Drum brakes were the first generation of braking systems in vehicles from the early 1900s all the way up to the 1980s and 90s. Older vehicles still on the road today only have drum brakes on the rear of the car. Here are the tools you’ll need to do it yourself. Drum replacement hardware kit, shoes, pliers, screwdriver, spring set, wire brush, needlenose pliers, protective eyewear, and of course, brake clean.
Alright, so what’s the difference between disc brakes and these here, drum brakes. – Well the disc brake actually has two brake pads that squeeze together hydraulically through a caliper and create the friction to slow the car down. A drum brake has two shoes which sit with springs on the inside of this drum, and through a wheel cylinder, hydraulically expand and cause the friction
First, we remove the drum with two bolts that, once screwed in evenly, will slowly push the drum away from brake assembly. Otherwise, a few hits with a sledgehammer on each side will help dislodge the rusty drum, revealing the pads underneath. Spencer suggested I take a cell phone picture of the brake assembly after I pull the drum off and especially before I start pulling the shoes apart. There are a lot of special tools that make your life easy when removing drum brakes, but most can be done with your standard needlenose pliers. Begin by removing the top return spring with needlenose, or the special spring pliers found at any auto store.
This spring is used to pull the brake shoes away from the drum when the brake pedal is released. Next remove the spring and pin that holds the brake shoe to the backing plate by compressing the small spring and twisting to unlock the pin holding it in place. Then remove the lower spring, and the star wheel adjuster. One side should be removed at this point, and each piece continually placed on the floor or bench in the exact position it was removed to help you reassemble.
Now remove the other shoe’s spring and pin holding it to the backing plate to allow you the flexibility to remove the emergency brake cable, which can be tricky at times. The emergency brake assembly is typically attached to only one side of the brake shoe. Sometimes the front shoe, or sometimes the rear shoe, depending on the particular car.
Either way, you’ll most likely need to reuse this hardware, so be extra careful when disassembling these components. Notice the shoe closest to the front of the vehicle is shorter in length than the shoe closest to the rear. That’s why it can be helpful to only do one brake job at a time, and always compare the old shoe with the new shoe to make sure they are the right part before you go any further. Continue to pull out all the new parts from the auto store and lay them out in order and do a quick inventory.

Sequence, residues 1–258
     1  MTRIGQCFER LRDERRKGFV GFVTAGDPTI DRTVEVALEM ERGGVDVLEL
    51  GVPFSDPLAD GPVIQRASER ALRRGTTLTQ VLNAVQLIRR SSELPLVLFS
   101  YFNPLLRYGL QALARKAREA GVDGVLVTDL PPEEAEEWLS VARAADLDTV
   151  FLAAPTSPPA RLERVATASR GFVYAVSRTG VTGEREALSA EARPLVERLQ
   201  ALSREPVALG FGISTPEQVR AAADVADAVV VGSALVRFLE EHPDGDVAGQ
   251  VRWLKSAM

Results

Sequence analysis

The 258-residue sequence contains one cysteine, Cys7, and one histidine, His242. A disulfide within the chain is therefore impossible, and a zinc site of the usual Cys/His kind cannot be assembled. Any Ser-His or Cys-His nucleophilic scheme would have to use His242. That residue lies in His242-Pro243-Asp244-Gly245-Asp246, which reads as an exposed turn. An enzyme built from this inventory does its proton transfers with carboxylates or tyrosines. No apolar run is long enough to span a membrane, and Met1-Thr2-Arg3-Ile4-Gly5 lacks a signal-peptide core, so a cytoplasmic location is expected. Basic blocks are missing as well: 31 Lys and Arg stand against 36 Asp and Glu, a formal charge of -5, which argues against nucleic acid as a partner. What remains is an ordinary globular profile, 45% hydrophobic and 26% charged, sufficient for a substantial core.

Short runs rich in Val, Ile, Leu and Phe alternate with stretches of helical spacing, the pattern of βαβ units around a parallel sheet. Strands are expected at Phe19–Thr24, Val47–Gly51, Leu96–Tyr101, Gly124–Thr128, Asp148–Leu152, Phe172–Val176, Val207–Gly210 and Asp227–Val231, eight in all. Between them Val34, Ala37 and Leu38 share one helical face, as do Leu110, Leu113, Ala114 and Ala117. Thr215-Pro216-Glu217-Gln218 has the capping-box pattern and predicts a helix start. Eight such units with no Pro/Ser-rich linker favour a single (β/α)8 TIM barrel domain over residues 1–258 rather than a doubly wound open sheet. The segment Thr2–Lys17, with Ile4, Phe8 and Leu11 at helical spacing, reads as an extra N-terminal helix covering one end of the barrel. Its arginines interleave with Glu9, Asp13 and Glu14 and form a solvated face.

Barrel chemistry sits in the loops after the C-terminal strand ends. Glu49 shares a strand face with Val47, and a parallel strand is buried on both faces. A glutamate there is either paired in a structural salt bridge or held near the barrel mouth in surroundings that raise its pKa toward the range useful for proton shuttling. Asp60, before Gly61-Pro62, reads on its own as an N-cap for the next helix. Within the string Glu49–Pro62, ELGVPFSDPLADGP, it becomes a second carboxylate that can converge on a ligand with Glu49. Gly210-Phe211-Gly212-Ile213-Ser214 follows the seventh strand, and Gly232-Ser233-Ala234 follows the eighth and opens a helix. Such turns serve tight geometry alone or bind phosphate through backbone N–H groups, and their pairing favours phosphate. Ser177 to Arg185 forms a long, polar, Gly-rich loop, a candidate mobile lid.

Once all the parts have been accounted for, clean the old parts that you’ll be reusing with brake clean, including the new drum, which comes from the factory with a thin protective coating for shipping that, should be removed with brake clean prior to installing. Use a wire brush to clean up the brake shoe’s contact points with the backing plate. There are typically three spots on each side. Here, here, and here. Once brushed clean, add a light dab of high temp grease to each spot. Now swap out the old parts with the new replacement parts on your bench diagram, and double-check you have all the pieces in your kit. Reinstall the old emergency brake arm on the new shoe, but be very sure it’s the proper length shoe.
Reinstall the emergency brake spring to the holder and secure the clip. Reattach the e-brake cable, and slide the pin from the back side through the backing plate and the shoe, and compress and twist the spring over the pin until it catches. This spring and pin is what holds the shoe in place.
Now, reinstall the star wheel adjuster, but make sure it’s clean, then lubricate it, so it moves in and out freely. The adjuster threads are showing, or in other words, have been extended due to the wear on the old shoe. However, because we’re replacing with new or thicker shoes, we have to thread back the star wheel to reset for the new shoes, and to allow the drum to fit over them without touching. Next, focus on the lower spring and top spring, then install the spring and pin like we did on the other shoe.
READ ALSO: TYPES OF BOILER REFRACTORY ON SHIPS
Before we put the drum back on, quickly wire brush the hub face and add a light dab of high temp grease to ensure the drum lays flat and doesn’t wobble in the future. Afterwards, Spencer has me tap the shoes to make sure everything is connected and centered in order for the drum to sit properly. Now install the new drum and hand-tighten a few bolts to have it full seated. We’ll retorque the bolts properly when we reattach the wheel.
Spin the drum to get a feel for how loose or tight the star wheel adjuster might be. At this point, it’s normal or okay to have the drum spin freely. However, a brake adjustment must be done with a screwdriver or a brake adjustment tool that fits in a small hole in the back side of the brake assembly. The goal here is to spin the star wheel until the shoe is extended enough to have the drum spin, but has a bit of drag when it’s doing it. When you’re all set, put the wheel back on and be sure to torque them to your manufacturer’s suggested foot-pounds.
As I’m sure you’ve noticed by now, replacing your brake shoes and hardware is no simple task. Each brake assembly may be slightly different from the one shown here, but use this video as a reference if you choose to take on this project. If you’re uncomfortable, seek a professional mechanic.